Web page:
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3 hard lessons Hollywood should learn from ‘The Interview’
The fate of The Interview suggests that simultaneous VOD releases and movie openings might not work out so well for Hollywood.
When The Interview was released on Christmas Day, it made even bigger history than the controversial film itself—which was initially pulled by Sony Pictures after hackers claiming to represent North Korea demanded the film’s cancellation—already had. The Seth Rogen/James Franco comedy became the first major Hollywood picture to be simultaneously released both in theaters and on video-on-demand services.
The numbers on this forced experiment are in, and they aren’t pretty: While the film made $15 million in four days (making it the most successful online movie release in history), a report from of Torrent Freak shows the movie was downloaded 1.5 million times on torrent sites, meaning as many people saw it legally as those who downloaded the film illegally.
As the Hollywood Reporter notes, the bizarre release of The Interview could serve as the foundation for similar releases—called “day-and-date” releases—in the future. However, more bad lessons were learned than good. Far from paving the golden road to complete online releases, The Interview shows us why Hollywood and movie theater chains won’t be changing anytime soon, and it might not even be a good case study for this simultaneous release format in the first place.
1) Whether illegal or legal, people will always go with the cheapest option
If you wanted to watch The Interview legally, you had a myriad of easy options. The film was available on Google Play and YouTube as a $5.99 rental—as well as on Xbox Video—and was even carried by Sony Pictures itself at SeeTheInterview.com. Despite not being carried by a few VOD suppliers—namely Amazon, Netflix, and iTunes—the film remains easy to watch within the confines of copyright law.
However, the numbers released by Torrent Freak tell us availability isn’t the issue. In fact, the film might have been too easy to obtain: Few anti-piracy safeguards were put in place and even Sony’s own site had a major loophole. As the Verge reports, people who rented the film at SeeTheInterview.com were sent an original URL. The only problem with that is there was no limit on how many times one URL could be used, meaning people were sharing their URL with others in the same way they might share a Netflix account—except even Netflix bans too many users from using one account at a time.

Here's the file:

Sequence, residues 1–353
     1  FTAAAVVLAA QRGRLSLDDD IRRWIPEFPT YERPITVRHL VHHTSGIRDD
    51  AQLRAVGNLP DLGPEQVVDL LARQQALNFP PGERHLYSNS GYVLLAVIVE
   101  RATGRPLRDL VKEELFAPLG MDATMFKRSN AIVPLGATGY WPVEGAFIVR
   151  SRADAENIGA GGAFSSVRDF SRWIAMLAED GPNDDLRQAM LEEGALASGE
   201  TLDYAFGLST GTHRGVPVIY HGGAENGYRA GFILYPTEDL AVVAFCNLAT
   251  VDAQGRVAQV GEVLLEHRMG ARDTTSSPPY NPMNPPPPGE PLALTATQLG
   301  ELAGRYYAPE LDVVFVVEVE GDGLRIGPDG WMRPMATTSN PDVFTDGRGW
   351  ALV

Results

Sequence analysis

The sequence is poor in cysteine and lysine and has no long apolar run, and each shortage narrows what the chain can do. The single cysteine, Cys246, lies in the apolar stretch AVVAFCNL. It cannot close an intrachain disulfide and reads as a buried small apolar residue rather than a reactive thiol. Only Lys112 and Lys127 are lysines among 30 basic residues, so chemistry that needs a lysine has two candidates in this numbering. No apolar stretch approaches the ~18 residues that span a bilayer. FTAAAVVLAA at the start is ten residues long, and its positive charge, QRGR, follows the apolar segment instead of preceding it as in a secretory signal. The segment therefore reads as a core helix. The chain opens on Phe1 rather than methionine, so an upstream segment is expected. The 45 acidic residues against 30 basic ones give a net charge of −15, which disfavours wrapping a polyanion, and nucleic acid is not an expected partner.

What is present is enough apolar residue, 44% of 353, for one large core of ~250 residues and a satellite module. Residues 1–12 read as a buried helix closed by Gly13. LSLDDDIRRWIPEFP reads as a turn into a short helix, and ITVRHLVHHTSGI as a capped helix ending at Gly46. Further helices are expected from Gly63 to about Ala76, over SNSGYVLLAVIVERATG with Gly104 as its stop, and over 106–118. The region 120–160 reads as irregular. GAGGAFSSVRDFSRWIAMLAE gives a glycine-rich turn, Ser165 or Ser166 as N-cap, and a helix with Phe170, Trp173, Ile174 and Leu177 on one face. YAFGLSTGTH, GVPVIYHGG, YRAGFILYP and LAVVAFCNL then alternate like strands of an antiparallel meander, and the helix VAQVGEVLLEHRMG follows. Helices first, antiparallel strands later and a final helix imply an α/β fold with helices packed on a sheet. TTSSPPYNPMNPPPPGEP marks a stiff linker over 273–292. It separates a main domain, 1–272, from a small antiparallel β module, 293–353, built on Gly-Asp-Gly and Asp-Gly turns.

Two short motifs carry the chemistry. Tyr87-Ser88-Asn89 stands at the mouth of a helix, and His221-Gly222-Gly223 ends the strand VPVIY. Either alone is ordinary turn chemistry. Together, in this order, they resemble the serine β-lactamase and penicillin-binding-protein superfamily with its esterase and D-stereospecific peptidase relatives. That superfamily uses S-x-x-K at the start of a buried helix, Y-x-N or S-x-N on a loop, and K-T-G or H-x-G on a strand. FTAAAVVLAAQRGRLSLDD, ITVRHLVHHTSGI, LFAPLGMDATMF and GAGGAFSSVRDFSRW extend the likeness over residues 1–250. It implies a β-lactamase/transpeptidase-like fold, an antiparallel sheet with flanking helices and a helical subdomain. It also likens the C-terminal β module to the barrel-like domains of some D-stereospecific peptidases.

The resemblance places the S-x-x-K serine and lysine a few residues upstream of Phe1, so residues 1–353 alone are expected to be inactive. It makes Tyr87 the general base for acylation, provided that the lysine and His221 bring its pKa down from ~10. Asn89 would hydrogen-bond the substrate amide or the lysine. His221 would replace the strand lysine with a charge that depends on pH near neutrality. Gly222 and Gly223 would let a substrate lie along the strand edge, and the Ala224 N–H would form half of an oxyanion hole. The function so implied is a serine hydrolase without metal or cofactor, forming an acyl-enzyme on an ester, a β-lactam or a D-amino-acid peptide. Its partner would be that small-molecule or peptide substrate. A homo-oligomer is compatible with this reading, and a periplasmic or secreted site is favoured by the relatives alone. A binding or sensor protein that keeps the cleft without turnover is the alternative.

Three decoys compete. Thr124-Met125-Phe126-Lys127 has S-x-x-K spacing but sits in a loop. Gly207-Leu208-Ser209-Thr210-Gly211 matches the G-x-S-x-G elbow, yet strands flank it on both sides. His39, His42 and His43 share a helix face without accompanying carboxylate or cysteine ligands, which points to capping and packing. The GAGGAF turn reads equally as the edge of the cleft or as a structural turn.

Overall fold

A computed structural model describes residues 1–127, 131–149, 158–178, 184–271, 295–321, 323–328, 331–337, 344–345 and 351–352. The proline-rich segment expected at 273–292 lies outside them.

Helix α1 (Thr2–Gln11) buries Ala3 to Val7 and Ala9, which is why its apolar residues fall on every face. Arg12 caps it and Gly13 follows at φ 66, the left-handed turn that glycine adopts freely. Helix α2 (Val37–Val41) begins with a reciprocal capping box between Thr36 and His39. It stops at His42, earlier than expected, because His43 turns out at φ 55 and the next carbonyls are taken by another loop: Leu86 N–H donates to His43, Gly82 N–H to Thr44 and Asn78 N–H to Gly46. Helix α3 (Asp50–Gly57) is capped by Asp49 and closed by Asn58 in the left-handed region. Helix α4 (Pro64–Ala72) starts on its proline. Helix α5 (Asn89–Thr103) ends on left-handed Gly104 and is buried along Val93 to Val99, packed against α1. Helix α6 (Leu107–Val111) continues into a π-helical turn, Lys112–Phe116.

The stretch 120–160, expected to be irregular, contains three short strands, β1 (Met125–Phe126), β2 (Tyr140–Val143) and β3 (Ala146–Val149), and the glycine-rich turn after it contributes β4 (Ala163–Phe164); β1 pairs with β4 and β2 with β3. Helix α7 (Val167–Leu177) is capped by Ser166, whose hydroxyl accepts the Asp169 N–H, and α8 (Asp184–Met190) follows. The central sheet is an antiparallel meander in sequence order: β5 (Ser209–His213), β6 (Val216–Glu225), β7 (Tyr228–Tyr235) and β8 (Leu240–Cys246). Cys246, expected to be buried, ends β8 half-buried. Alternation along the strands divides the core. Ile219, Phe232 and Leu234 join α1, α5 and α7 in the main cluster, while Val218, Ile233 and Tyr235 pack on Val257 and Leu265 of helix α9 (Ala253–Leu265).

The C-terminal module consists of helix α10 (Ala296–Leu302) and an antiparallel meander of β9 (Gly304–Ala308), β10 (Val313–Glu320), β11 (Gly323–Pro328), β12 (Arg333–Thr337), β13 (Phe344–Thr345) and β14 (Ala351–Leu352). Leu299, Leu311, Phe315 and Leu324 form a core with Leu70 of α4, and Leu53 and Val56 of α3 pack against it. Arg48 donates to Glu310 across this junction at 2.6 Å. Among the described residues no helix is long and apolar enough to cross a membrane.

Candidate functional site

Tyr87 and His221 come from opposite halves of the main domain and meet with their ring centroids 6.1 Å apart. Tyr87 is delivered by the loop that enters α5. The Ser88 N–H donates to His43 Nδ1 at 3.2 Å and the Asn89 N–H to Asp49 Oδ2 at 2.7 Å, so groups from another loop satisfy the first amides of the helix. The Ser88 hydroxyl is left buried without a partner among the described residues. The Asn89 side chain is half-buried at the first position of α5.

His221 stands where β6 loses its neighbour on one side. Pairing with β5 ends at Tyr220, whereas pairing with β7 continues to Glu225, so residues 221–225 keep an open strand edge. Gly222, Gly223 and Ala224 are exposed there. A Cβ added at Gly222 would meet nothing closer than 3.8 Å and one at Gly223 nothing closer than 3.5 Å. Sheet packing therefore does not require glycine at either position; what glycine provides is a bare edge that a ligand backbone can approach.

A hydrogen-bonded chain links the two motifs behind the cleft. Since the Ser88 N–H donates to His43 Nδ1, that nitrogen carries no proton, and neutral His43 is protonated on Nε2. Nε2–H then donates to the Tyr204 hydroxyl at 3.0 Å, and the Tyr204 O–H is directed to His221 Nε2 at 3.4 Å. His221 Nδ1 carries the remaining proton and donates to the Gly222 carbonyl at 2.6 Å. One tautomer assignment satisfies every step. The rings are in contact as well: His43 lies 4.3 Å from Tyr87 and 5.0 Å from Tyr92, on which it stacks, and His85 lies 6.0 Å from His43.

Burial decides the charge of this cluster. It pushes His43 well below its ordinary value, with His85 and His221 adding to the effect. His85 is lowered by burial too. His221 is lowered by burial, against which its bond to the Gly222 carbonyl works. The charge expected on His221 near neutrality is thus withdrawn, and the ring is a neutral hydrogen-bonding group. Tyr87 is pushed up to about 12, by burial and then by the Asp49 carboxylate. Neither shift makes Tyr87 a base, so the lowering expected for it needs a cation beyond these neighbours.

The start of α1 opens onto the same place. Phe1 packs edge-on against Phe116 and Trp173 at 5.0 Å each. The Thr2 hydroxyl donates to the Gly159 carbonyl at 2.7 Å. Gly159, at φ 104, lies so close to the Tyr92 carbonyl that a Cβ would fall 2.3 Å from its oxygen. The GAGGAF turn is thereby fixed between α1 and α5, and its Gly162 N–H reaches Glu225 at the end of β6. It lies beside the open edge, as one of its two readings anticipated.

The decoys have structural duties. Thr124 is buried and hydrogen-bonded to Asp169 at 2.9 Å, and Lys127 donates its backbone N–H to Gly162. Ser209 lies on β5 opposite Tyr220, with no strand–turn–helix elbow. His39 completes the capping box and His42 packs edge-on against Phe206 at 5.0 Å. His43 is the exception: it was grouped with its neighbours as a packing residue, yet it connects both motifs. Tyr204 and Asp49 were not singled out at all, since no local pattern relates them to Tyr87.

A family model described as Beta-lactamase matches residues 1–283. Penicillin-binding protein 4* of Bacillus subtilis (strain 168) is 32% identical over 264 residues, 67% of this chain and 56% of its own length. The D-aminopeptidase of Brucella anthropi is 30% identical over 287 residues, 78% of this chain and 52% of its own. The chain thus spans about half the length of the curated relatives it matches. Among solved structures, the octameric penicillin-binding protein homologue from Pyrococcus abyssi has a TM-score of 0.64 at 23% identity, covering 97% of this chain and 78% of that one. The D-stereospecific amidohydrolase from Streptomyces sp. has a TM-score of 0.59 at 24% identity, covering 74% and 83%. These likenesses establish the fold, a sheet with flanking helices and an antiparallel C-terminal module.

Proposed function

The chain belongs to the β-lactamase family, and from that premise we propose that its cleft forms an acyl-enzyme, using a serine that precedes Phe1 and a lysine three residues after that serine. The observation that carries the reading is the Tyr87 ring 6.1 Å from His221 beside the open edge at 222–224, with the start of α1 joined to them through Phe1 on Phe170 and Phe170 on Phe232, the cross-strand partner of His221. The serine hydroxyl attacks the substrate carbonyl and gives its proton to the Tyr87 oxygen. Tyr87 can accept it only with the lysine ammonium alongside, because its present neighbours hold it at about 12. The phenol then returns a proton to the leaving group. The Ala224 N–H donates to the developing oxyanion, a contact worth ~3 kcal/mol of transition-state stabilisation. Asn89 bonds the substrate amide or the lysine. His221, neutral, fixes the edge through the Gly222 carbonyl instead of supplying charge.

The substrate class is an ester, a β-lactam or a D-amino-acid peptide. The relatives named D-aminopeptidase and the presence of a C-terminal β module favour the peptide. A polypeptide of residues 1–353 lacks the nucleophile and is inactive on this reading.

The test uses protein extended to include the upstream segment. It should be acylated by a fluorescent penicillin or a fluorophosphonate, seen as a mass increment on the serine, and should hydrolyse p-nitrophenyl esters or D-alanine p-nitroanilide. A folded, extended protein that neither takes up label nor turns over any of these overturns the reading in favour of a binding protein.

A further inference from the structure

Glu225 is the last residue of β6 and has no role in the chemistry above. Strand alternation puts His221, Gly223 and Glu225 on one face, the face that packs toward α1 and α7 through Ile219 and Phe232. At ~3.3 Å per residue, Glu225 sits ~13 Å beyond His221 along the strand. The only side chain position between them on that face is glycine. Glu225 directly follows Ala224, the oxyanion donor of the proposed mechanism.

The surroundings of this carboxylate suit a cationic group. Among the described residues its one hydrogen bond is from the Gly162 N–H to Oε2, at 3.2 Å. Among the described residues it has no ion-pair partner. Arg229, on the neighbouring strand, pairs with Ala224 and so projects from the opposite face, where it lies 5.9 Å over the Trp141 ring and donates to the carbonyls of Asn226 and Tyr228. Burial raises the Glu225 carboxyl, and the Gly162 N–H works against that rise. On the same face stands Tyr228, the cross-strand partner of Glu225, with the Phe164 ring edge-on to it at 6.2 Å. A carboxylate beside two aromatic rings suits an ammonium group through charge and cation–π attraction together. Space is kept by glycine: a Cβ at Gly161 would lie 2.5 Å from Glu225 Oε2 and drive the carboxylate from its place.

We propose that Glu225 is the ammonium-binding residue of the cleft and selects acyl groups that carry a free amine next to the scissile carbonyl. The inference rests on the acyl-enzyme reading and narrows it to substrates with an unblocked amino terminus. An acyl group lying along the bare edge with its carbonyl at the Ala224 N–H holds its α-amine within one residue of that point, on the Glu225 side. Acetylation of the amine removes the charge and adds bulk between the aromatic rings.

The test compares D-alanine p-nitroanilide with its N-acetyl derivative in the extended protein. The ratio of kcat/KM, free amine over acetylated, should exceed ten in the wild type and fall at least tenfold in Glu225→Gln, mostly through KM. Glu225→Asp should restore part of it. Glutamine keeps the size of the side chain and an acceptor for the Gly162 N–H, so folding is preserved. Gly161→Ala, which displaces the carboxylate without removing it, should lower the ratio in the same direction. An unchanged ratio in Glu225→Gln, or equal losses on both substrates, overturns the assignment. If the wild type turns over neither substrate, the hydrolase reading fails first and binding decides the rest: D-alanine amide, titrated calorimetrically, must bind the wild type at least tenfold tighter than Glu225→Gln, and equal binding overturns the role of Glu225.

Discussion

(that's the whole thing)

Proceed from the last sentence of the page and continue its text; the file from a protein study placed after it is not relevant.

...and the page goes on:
If that wasn’t bad enough, users could also simply right-click the screen of their movie and hit “Download Movie As,” turning a rental into a purchase and making a high-definition copy of the film ready to upload to just about anywhere. While these are all preventable measures—DRM, anyone?—they highlight the many adaptations Sony and studios like it will have to make to become online content providers.
Sony could be forgiven for these slipups. In just a week’s span, they went from releasing The Interview as a typical movie, then cancelling it altogether, then desperately looking for anyone who could host the movie after being urged to do so by everyone from bloggers to the president. Putting together a VOD plan that flies in the face of the entire industry model is difficult enough; trying to rush it out before the holidays is a recipe for the disaster they ended up creating.
That said, the very nature of movie piracy means simultaneous VOD and theater releases are unlikely to ever happen. Want to record a high quality version of any video you rent online? Here’s how to do it with VLC Player. Initial box office numbers are all the movie industry has—DVD sales are almost consistently falling and will be outpaced by VOD by the end of 2015. If the dream of day-and-date release is to ever become an economic viability, Sony and its competitors would have to do the impossible: force the Internet to behave itself.
2) Movie theaters aren’t budging—and for good reasons